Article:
Gediz district is 90 km away from Kutahya city center and residents of Gediz had been facing problems in accessing mental health care until mental health services by psychiatrists were given for the first time recently. Providing mental health services for the first time in a district area makes findings of our study valuable. The number of women admitted to the psychiatry clinic were about 2 times more than males. Differences in the frequency of admissions between male and female were especially striking among patients living in the village. In the literature, there are many researches that claimed women refer to the health services more frequently than males (28,29). It is found in our study that women admitted to psychiatry clinic more frequently than men in all diagnosis groups. Health center admission for women increases with the onset of menstrual period. Women frequently refer to the hospitals for birth control or pregnancy follow-up which bring along to be more familiar to health care systems than men. Especially in rural areas, lack of business life, less social participation and easy access to the health centers seem to make women see health centers as a part of social life. Men tend to see their psychiatric complaints as the results of their financial situation, frustrations and daily stress, therefore they may not need for psychiatric help (29-31). In our study, mean age was higher than findings of other similiar researches held in city centers (31,32). Education or job opportunities and socioeconomic viability of the city are known to increase the migration of young population to urban centers (33). The data from TUIK show that migration is prevalent in the 15-29 age group mostly (6.9% to 9.1%) (34). Small number of young people, conversely greater number of old people living in the rural were thought to cause the high mean age. The most common diagnoses were mood disorders, anxiety disorders and psychotic disorders. Studies indicated that the most common psychiatric illness group is somatic disorders after mood disorders and anxiety disorders in rural (35,36). Differently than expected, psyhotic disorders were the most common disorders after mood and anxiety disorders in our study. Due to living with their families in rural areas because of their functional decline and problems to access to psychiatric services in the preceding period were interpreted as the reasons for higher number of psychotic disorder diagnosis. The first applications of the psychosis patients were often in acute exacerbation and this situation supports the interpretation that they had problems in accessing the treatment of patients in the past. Nobody was diagnosed with alcohol or substance use disorders in our study. It is considirable that alcohol has sold only at a single point of town center. Disapproval of alcohol-taking behavior due to cultural and religious characteristics of the region and concern of stigmatization in a small populated residential area might be the obstacles to access alcohol or substance and also people with alcohol/substance disorders might not be getting help because of concerning about stigmatization. It is also considered that people with alcohol/substance problems may refer to psychiatric services outside the town, may be in city hospitals again because of concerns about stigmatization. There are many reports telling that alcohol/substance use disorder are seen more frequently in urban areas beside there are arguments that it is more than that detected in rural areas because of all those concerns and not getting help from district hospitals (15-17). Admissions to our psychiatry clinic were mostly from district center. Transportation problems to psychiatry clinic can lead a reduction in the number of admissions from the villages. No significant difference was found between admissions from village or district center in terms of diagnostic groups. District center people and village people live in a intertwined way that represents the overall rural and lack of comparison with the distribution of mental illness in the city center is a limitation of our study. In review of literatur, it is seen than national and international studies on psychiatric disorders in urban and rural area can be in conflict with each other (37-39). There are studies in literature indicating that diagnosis of depression and psychotic disorders in both men and women are more due to rapid urbanization (7,40). A national study reports that psychotic disorders are seen more frequently in rural areas but there has been no significant difference in the study. Another national study report states that people especially in rural areas have sufficient knowledge of the treatment of schizophrenia but, because of the fear of stigmatization they are hesitant to get psychiatric help (12,13) . It is also reported that bipolar disorder is more frequent in urban areas, and psychotic symptoms are more common in bipolar disorders with people living in urban (41). A study reports that depression is more common in rural areas (42). Living in poor health conditions, rural inaccessibility to primary health care, difficulties in dealing with chronic somatic diseases and inaccessibility to psychiatric services (economic, transportation, stigma concerns) are thought to be the reasons for the findings. It is reported in some studies that suicide is more frequent in rural areas and especially firearms suicides are significantly more common (43,44). Being born in village or at least 15 years living in village have been identified with a high prevalence of social phobia in a national study (45). In some studies, it was reported that conversion disorder symptoms are more common with people from rural areas and from lower socio-cultural levels (46,47) and again in a national survey, it is found that somatoform disorders are significantly more often in rural (18). Marriage rate in the region is high. TUIK statistics showing that rate of marriage over 15 years old of households in the city centers changes between 60% and 65%, it is observed that this rate is over 70% in rural areas (48). Lack of educational opportunities for the youth and conservative, cultural and moral structure of the region are the reasons for marriage at an early age. In the literature, the low marriage rates in psychotic disorders were reported in many studies (32,49). Although the lowest marriage rates were found in psychotic disorder diagnostic group in our study, the difference is not as significant as the other national studies done in the past (18,32). Strong extended family ties, supports of families, relatives and neighbours of patients with psychotic disorders about marriage formation and about maintenance of marriage might be the reasons for higher rates of marriage in rural. Psychiatric disorders seen in married people more frequently is remarkable, this finding of our study contradicts the findings of the other researches in the literature. High marriage rates and low divorced/widow rates in rural should be taken into account anyway (50). The belief that marriage is good for patients with mental illness and marriages performed for patient care can be considered as the causes of this excess. It’s remarkable that psychiatric disorders are commonly accompanied by somatic diseases. Many studies were found in the literature showing that especially HT and DM often accompany psychiatric disorders (51,52). About 1 out of 3 people diagnosed with psychiatric disorders have somatic diseases. In particular, psychiatric disorders and HT association is remarkable. Diagnosis of anxiety disorder more frequently in patients with HT is consistent with studies that identified a significant relationship between hypertension and anxiety disorder in the past (53,54). In our study, hypothyroidism is another one of the most common comorbidity. In many studies it was shown that hypothyroidism makes predisposition to mental illness (55,56). Psychatric disorders occur in patients with somatic diseases frequently (57,58). Chronic physical illness can trigger mental illness and difficulties of life due to physical problems might play major role in the formation of mental illness. Lack of assessment of psychiatric comorbidity, small number of outpatient admissions, and evaluation in a short period were other limiting factors for our study. This study was conducted in a rural area with small population. In our country, there are many psychiatric epidemiological researches studied in hospitals of city centers, just a few researches were studied in rural areas. Importance of our study comes from conducting it in an area that psychiatric services started for the first time and giving information about people admitted to psychiatry services in rural. It should be considered that field studies are important to determine the possible risk factors for psychiatric disorders.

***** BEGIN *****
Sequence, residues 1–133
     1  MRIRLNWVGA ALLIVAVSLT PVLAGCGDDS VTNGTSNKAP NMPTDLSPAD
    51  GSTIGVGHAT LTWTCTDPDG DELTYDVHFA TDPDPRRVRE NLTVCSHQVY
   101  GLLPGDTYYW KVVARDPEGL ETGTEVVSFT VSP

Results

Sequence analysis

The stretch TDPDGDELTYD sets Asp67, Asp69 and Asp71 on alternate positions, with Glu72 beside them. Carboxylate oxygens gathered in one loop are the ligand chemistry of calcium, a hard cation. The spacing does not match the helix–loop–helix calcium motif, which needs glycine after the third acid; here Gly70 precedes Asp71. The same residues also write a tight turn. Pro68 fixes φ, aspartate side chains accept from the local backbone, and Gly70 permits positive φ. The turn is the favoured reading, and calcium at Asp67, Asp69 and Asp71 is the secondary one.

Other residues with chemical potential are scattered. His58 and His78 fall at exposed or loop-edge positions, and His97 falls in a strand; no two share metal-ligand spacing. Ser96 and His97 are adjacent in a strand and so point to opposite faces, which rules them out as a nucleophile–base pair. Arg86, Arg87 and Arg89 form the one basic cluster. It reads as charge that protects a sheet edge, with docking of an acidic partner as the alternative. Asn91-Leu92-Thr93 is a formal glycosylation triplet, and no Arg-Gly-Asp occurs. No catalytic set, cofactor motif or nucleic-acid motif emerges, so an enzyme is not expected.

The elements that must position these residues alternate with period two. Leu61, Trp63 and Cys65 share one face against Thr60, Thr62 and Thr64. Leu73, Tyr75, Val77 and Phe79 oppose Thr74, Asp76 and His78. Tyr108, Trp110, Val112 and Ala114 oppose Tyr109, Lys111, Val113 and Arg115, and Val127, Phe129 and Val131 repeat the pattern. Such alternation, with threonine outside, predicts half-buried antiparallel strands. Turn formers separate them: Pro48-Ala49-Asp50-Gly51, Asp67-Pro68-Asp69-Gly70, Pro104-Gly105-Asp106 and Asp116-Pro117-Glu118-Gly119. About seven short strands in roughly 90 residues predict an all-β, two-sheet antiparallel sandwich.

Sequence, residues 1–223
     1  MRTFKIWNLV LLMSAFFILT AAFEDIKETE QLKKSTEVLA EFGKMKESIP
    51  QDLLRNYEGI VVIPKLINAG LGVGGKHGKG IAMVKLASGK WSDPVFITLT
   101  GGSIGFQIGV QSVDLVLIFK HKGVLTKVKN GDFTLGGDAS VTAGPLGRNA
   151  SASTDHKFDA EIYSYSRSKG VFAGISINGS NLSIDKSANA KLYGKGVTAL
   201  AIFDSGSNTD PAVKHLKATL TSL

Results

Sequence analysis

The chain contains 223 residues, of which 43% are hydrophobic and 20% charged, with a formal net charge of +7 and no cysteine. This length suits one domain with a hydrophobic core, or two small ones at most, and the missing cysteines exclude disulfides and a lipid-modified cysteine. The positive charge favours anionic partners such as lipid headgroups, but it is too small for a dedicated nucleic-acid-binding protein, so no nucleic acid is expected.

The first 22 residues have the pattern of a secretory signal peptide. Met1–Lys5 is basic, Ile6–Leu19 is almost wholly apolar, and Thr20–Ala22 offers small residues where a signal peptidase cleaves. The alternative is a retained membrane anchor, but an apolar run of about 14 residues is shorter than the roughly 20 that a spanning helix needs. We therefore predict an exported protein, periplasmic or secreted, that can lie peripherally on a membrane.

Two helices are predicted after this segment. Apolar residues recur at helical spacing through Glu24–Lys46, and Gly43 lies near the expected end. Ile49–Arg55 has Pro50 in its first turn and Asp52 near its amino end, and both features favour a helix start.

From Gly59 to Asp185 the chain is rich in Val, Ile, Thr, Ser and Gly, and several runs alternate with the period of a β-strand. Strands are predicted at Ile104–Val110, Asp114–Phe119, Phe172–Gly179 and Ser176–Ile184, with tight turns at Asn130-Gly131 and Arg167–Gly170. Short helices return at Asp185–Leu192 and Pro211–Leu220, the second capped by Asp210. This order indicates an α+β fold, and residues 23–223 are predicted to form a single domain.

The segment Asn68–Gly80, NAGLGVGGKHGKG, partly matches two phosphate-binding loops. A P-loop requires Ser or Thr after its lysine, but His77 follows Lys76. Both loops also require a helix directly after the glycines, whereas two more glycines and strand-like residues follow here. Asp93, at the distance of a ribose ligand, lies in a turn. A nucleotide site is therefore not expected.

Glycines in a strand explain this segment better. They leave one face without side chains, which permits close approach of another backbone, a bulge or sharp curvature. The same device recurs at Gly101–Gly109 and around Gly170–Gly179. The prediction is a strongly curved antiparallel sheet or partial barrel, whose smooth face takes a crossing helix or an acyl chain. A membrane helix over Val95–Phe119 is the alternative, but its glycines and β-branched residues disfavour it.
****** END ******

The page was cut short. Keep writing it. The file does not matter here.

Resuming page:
1. Ministry of Health Yearbook 2009, Health Human Resources, http://sbu.saglik.gov.tr/Ekutuphane/kitaplar/siy_2011.pdf. Accessed April 15, 2014.